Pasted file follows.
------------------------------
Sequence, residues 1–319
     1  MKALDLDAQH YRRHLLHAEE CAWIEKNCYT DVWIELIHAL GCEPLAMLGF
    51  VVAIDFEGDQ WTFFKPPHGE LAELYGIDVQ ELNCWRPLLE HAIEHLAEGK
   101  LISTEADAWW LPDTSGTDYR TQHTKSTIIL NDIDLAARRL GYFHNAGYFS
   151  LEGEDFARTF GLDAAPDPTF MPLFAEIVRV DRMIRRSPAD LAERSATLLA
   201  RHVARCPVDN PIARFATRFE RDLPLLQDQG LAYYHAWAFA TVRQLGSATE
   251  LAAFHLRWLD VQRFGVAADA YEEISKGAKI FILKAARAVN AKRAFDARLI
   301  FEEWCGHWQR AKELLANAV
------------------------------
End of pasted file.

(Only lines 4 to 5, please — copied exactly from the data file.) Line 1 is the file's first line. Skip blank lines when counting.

   101  LISTEADAWW LPDTSGTDYR TQHTKSTIIL NDIDLAARRL GYFHNAGYFS
   151  LEGEDFARTF GLDAAPDPTF MPLFAEIVRV DRMIRRSPAD LAERSATLLA